Yes. We are waiting. All of us, the cable TV analysts with their cocky command of justices’ raised eyebrows, the sharpeners of political spears on left and right, the giant insurers and think-tank industrialists, all must fidget and wait.
But let’s declare the severability of those interests to focus on one individual for whom the last few days of June in Washington hold a very personal agony: Solicitor General Donald B. Verrilli Jr.
He stood in March before the nine justices to make the government’s arguments defending the constitutionality of the Affordable Care Act, then endured swift and harsh criticism of his delivery. Monday, he will show up in court, rise when the justices enter, sit back down and wait some more. Maybe they will hand down a decision on health care Monday. Maybe Wednesday or Thursday.
There are a handful of cases pending, and Verrilli, 54, has three of them. He waits, also, for decisions in a landmark Arizona immigration case and a First Amendment case involving lying about military honors.
“There is nothing you can do,” says former solicitor general Ted Olson, who has sat in this chair. “You have to be patient.” It is miserable.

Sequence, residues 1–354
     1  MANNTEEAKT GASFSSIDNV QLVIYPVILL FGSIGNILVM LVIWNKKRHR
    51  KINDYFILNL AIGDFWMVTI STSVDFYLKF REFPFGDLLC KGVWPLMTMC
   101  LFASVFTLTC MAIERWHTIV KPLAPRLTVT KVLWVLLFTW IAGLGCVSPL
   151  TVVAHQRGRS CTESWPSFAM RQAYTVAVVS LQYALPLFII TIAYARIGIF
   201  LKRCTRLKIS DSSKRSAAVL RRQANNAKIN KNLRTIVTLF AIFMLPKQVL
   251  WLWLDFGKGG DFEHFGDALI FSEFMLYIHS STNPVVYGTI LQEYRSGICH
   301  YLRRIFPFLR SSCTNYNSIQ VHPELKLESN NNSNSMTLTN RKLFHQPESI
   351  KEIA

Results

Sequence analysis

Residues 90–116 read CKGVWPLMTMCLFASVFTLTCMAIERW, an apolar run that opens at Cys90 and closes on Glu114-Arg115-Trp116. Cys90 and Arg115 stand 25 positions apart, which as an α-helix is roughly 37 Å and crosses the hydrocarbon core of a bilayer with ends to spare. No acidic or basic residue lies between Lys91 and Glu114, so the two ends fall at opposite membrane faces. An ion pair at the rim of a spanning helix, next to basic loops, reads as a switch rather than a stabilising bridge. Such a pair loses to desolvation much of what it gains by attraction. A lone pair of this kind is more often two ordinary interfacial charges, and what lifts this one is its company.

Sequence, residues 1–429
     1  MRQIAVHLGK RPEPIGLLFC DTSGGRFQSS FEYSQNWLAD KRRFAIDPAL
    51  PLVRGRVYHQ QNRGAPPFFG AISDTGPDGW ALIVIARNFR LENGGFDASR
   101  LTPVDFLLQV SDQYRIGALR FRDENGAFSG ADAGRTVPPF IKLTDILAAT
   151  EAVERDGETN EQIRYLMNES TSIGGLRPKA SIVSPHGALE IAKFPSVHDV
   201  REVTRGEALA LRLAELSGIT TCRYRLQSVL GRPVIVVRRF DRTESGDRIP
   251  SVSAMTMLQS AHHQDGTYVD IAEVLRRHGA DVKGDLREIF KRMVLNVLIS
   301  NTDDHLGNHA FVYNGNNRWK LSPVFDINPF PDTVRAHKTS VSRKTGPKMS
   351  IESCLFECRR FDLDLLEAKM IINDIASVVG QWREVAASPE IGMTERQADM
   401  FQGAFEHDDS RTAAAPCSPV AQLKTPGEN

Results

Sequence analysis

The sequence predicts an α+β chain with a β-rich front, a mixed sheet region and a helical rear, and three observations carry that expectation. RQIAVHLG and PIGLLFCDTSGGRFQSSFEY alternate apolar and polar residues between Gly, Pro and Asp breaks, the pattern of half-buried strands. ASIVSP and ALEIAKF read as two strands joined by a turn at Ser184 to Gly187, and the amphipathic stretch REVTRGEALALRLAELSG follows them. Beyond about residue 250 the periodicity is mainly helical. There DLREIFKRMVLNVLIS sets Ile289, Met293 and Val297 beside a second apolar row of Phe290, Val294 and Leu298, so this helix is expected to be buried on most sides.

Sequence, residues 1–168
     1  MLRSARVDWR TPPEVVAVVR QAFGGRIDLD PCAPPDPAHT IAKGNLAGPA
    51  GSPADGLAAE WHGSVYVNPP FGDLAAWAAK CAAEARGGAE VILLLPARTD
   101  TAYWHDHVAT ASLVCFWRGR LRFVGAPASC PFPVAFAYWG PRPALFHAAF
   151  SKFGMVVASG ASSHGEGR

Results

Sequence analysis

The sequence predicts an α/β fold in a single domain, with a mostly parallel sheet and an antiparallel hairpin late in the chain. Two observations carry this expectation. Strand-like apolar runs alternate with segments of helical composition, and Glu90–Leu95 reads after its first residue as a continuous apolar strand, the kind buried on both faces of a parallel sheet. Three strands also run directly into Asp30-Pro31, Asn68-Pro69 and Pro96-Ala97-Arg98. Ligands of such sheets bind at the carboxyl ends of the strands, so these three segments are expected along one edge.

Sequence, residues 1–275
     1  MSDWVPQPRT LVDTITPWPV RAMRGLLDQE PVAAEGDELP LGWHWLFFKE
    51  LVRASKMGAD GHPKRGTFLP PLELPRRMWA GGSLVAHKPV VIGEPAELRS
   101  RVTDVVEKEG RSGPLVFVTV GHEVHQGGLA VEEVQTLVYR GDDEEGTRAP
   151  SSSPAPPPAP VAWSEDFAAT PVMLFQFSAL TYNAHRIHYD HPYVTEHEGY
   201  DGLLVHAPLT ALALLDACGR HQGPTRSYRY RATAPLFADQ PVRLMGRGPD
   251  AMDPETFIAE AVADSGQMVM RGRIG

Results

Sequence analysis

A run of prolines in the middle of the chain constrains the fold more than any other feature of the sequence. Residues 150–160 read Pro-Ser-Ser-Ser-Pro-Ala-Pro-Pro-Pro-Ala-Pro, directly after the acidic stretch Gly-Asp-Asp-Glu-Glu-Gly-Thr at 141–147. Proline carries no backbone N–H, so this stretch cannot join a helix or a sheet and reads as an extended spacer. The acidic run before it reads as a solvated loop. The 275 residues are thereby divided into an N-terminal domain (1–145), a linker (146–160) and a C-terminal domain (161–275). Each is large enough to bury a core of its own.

Plus, you suffer in full view of the public.
That is especially difficult, says Walter Dellinger, who was acting solicitor general under President Bill Clinton. Dellinger defended Clinton and tried to ward off a sexual harassment claim from former Arkansas state employee Paula Jones by arguing that a sitting president should be shielded from lawsuits for acts prior to taking office.
Court tradition mandates that the solicitor general, the federal government’s lawyer in the Supreme Court, sit at the counsel table right in front of the black-robed ones as the decisions are announced.
“I recall listening to the justices unaminously reject every argument I had made in Clinton v. Jones ,” Dellinger says, “while I sat there with everyone in the courtroom watching.”
The heart palpitations start about five minutes before 10 a.m., when the justices begin reading their opinions, “and the passage of time makes you increasingly nervous,” says Paul Smith, a former law partner of Verrilli, who successfully challenged a Texas law that criminalized gay sex and a California law that banned violent video games. “The court takes its sweet time to decide, and as you go through announcement after announcement, you say, ‘This is going to be harder than I thought.’ ”
Sometimes, justice is swift.
Two examples of the you-just-never-know phenomenon: As the nation waited to learn who it had elected president in 2000, the court took up Bush v. Gore on Dec. 11, then rendered a verdict . . .